Categorizing 1.motor ataxias (isolated lesions of the cerebellum are not the most common cause of these complaints) 2.sensory ataxias
Motor ataxias (cerebellar) usually caused by cerebellar disorders one of the cerebellar hemispheres involvement :the ipsilateral limb
Cerebellar midline portion involvement axial muscle Coordination problem (difficulty maintaining a steady upright standing or sitting posture)
Isolated hemiataxia Supratentorial infarctions, particularly small deep infarctions or lacunae of the posterior limb of the internal capsule interruption of ascending or descending cerebellar to cortical pathways
motor or cerebellar-like ataxia with hemisensory loss Small infarctions or hemorrhages in thalamic nuclei may produce this clinical picture
Sensory ataxias failure in transmission of proprioception or position sense information to CNS. This may arise from disorders affecting the peripheral nerves, spinal cord, or cerebellar input tracts. may be compensated to a degree with visual sensory information. sensory ataxia often worsen in poor lighting conditions
CLINICAL FEATURES Hx:headache, nausea, fever,weakness, or numbness.,medication history, or family history of ataxia
The nature of onset of symptoms and the time course of the process guide the pace of investigations
General physical examination Orthostatic vital signs(hypovolemia, diabetic neuropathy and other neurologic syndromes) Gait testing. Observing :sit upright in the stretcher, rise, stand, walk, and turn around. Walk at a normal speed,on the heels, and then toes.
Tandem gait toe-to-toe walking It tests many elements of the nervous system
Cerebellar functions test perform smooth voluntary movements and rapidly alternating movements; In lateral cerebellum involvement: 1.dyssynergia(breakdown of movements into parts), 2.dysmetria (inaccurate fine movements), 3.dysdiadochokinesia (clumsy rapid movements).
rapid thigh-slapping test pat the thigh with the palm then the back of the same hand in alternating fashion, making a sound with each rapid slap
finger-to-nose test distinguish between cerebellar and posterior column(proprioceptive) lesions. Performing this test with the eyes closed tests proprioception in the upper extremity.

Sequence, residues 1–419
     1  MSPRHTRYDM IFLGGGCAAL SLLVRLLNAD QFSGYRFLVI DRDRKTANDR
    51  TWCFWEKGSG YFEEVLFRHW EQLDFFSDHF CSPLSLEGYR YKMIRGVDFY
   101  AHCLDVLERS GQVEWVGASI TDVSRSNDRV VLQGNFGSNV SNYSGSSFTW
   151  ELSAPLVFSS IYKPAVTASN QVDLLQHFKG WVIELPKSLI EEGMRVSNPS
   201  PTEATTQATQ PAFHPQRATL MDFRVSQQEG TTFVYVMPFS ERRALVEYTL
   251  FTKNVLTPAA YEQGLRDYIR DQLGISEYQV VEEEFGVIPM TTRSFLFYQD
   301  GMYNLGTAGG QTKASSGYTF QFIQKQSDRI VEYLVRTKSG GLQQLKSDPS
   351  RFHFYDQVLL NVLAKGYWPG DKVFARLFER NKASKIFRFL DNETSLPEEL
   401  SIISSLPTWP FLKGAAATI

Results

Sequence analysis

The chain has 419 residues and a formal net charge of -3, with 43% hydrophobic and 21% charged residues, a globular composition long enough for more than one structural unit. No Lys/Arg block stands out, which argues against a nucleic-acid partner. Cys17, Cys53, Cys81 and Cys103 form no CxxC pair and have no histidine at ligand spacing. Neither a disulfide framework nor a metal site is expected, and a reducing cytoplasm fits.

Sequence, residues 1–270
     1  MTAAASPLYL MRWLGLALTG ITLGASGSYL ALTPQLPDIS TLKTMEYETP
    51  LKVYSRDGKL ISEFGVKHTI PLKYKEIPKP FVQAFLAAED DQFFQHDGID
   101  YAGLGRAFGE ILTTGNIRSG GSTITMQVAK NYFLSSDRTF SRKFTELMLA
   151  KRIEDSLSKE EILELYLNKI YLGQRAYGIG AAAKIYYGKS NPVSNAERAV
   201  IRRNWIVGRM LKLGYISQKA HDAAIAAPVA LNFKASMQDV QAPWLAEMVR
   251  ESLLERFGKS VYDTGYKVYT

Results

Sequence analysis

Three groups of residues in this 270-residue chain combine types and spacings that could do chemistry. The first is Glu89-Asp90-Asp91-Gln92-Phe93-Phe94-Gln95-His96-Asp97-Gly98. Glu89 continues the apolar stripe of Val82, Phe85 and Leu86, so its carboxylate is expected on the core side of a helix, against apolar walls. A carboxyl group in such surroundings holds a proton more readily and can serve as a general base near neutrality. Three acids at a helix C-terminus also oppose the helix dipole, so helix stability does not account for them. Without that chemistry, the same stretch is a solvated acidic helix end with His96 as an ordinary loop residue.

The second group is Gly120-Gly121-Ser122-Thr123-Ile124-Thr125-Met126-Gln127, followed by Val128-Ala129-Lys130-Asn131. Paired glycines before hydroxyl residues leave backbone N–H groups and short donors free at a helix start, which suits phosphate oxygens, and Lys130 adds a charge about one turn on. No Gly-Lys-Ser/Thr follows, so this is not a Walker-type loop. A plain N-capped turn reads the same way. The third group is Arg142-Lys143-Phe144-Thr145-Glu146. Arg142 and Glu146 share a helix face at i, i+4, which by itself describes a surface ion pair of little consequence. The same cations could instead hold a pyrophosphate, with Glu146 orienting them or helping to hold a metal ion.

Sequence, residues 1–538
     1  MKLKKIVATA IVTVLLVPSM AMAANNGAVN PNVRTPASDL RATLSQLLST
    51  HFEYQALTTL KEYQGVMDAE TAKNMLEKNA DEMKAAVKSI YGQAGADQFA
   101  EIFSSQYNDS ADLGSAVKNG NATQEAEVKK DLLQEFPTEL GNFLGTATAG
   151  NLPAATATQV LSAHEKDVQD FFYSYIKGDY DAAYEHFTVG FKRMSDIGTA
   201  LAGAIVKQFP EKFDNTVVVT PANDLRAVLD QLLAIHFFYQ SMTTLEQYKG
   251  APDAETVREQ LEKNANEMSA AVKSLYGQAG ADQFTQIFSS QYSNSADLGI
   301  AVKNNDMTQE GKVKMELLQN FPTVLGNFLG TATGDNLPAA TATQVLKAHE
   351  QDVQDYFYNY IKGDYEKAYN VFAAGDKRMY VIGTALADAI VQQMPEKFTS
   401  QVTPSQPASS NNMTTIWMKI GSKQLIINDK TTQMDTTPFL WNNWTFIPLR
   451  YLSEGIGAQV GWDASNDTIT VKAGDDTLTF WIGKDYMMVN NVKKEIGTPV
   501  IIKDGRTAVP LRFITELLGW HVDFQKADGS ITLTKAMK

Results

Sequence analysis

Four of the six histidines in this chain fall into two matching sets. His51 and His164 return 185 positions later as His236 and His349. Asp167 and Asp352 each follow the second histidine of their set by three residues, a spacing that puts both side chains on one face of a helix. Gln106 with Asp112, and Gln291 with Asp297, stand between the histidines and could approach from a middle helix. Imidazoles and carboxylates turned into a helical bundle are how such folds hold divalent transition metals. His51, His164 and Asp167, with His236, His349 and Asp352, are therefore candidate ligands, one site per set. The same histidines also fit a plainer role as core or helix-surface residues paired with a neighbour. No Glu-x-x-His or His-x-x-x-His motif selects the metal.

heel-to-shin test A test for cerebellar function that emphasizes the lower extremities. In cerebellar disease, the heel may initially overshoot the other shin or knee, and completes the action with a series of jerky movements. In posterior column disease, there may be difficulty locating the knee, but the movement down the shin typically weaves from side to side or falls off
Stewart-Holmes rebound sign cerebellar function sudden release of the flexed forearm: the individual fails to check the movement. Another example of rebound phenomena is when a tapped outstretched arm oscillates back and forth for several cycles.
positive Romberg sign Ataxia worsens with this loss of visual input suggesting sensory ataxia with a problem of proprioceptive input (posterior column, vestibular dysfunction), or a peripheral neuropathy.
tabes dorsalis (neurosyphilis) Historically, was a common cause of sensory ataxia.
vitamin B12 deficiency should be a consideration in patients with evidence of posterior column disease. If left untreated, an initial unsteady gait may progress to weakness, spasticity, and ataxia. megaloblastic anemia :may be a clue, but the neuropathy may precede the anemia.
Sensory examination in a patient with unsteady movements position or vibration testing (posterior columns), as well as testing sensation to pinprick. Testing of the deep tendon reflexes will serve largely to discover asymmetry or spasticity that might suggest an alternative diagnosis. Acute cerebellar injury may result in muscle hypotonia for a few days or weeks."
Nystagmus is seen in many different disorders due to lesions in a variety of different locations of the CNS, but the presence of nystagmus does suggest that the pathologic process is intracranial and not in the spinal cord or peripheral nervous system
DIAGNOSIS Questions: 1.Is ataxia sensory or motor apraxia 2.Is primary Process systemic or within the nervous system
SPECIAL POPULATIONS THE GERIATRIC PATIENT THE ALCOHOLIC PATIENT CHILDREN
THE GERIATRIC PATIENT A typical constellation includes gait slowing, shortening of the stride, and widening of the base. This results in the appearance of a guarded gait- that is, the gait of someone about to slip and fall.
THE ALCOHOLIC PATIENT: rostral vermis syndrome (Wernicke's disease) If acute motor ataxia is present with con fusion or eye movement abnormalities, the possibility should be considered IV thiamine administration should be initiated promptly.
CHILDREN Exclude: 1.weakness 2.musculoskeletal disorders. Intoxications are a cause of ataxia in children, and the ingestion may be surreptitious. Acute ataxia may follow immunizations, viral illnesses or rarely reported in the preeruptive phase of varicella.
varicella Usually seen in 2- to 4-year-old range the onset of ataxia from the prodromal illness:2 days to 2 weeks Little workup is needed antiviral medications are not indicated.
Mass lesion usually, some abnormality of cranial nerves or strength will be discovered with careful examination. Abnormal ocular movements should increase the suspicion
opsoclonus-myoclonus syndrome Acute ataxia associated with rapid chaotic eye movements (opsoclonus) and myoclonic extremity jerks of the head and extremities This may be a postviral syndrome but is often a paraneoplastic syndrome associated with a neuroblastoma located in the abdomen or chest.
pyruvate decarboxylase deficiency Unusual metabolic disorders Family history may or may not suggest